240

260

280

300

320

340

360

380

400

420

440

460

480

500

520

540

560

580

600

0

20

40

60

80

100

120

140

Price ($s)

Supply

Demand

Po

P

Floor

Qs

Qd

Surplus

We can find the specific amount of the surplus and the cost to the government of the price

floor by calculating the surplus as the difference between the quantity demanded and the quantity

supplied in the market at $70

$70 = 120 – 0.2QD=> Qd = (120 – 70)/0.2 = 250

$70 = 30 + 0.1QS => Qs = (70 – 30)/0.1 = 400

=> Surplus = Qd – Qs = 400 – 250 = 150

Cost to the Government in buying this surplus = 150*70 = $10,500

Total Revenue of Firms = 400 * 70 = $28,000

Total Expenditure of Consumers = 250*70 = $17,500

NOTE: Price floors supported by government purchases have two problems:

- 3 -

**Unlock Document**

###### Document Summary

We can analyze demand and supply and market equilibrium with linear equations. These are equations of the form y = a + bx where a is the y-intercept, i. e. , the value of y when x is zero, and b is the slope (rise/run = d y/d x) of the function. We know that the function is linear, i. e. , a line, because the slope is constant. The slope is negative the y falls with an increase in x and is positive if y increases with an increase in x. Example: suppose that the following equations describe the market demand for and supply of a. Supply: ps = 30 + 0. 1qs (p is in and q is in units) We don"t need to label these equations demand and supply since the negative slope of the first one and the positive slope of the second one tell us that they are demand and supply respectively.

## More from OC32942

###### MGEA01H3 Lecture Notes - Dependent And Independent Variables, Inferior Good, Takers

Lecture Note

###### ECM 10.doc

Lecture Note

###### MGEA01H3 Lecture Notes - Ordinal Utility, Ceteris Paribus, Budget Constraint

Lecture Note

## Classmates also unlocked

###### ECM 10.doc

Lecture Note

###### MGEA01H3 Lecture Notes - Dependent And Independent Variables, Inferior Good, Takers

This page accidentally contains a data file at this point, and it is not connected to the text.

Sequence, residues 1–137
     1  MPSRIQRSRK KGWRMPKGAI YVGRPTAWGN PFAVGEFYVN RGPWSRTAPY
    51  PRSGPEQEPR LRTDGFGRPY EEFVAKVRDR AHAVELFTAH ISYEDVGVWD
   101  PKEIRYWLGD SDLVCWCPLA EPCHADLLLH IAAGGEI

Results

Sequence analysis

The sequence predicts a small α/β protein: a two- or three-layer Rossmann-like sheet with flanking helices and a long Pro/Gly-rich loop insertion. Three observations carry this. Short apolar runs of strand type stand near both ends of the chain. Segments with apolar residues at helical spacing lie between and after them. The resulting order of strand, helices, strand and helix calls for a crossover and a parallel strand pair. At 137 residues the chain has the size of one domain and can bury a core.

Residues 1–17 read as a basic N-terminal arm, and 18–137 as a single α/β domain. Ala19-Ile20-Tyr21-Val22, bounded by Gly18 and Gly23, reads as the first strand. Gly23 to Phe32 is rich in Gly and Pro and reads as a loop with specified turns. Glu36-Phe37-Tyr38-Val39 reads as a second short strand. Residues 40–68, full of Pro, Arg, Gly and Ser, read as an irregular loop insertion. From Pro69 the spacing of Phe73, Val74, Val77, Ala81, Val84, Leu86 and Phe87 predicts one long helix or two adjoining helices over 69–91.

Lecture Note

###### MGEA01H3 Lecture Notes - Ordinal Utility, Ceteris Paribus, Budget Constraint

Lecture Note

###### MGEA01H3 Lecture Notes - Externality, Marginal Cost, Pareto Efficiency

Lecture Note

###### MGEA01H3 Lecture Notes - Opportunity Cost, Cubic Function, Fixed Capital

Lecture Note

###### MGEA01H3 Lecture Notes - Competitive Equilibrium, Cogeneration, Perfect Competition

Lecture Note

###### MGEA01H3 Lecture Notes - Substitute Good, Lincoln Near-Earth Asteroid Research, One Unit

Lecture Note

###### MGEA01H3 Lecture Notes - Marginal Revenue, Arc Elasticity, Harvest

Lecture Note

###### MGEA01H3 Chapter Notes -Ceteris Paribus, Numerical Analysis, Negative Number

Textbook Note

###### MGEA01H3 Lecture Notes - Remittance, Economic Equilibrium

Lecture Note

###### [MGEA01H3] - Midterm Exam Guide - Ultimate 33 pages long Study Guide!

Study Guide

###### [MGEA01H3] - Final Exam Guide - Ultimate 33 pages long Study Guide!

Study Guide

###### MGEA01H3 Study Guide - Final Guide: Indo, Chevrolet Small-Block Engine, Order Of Newfoundland And Labrador

Exam Note

###### Textbook Notes (93% on the test)

Exam Note

###### MGEA01H3 Lecture Notes - Lecture 1: Human Capital, Pre-Medical, Market Failure

Lecture Note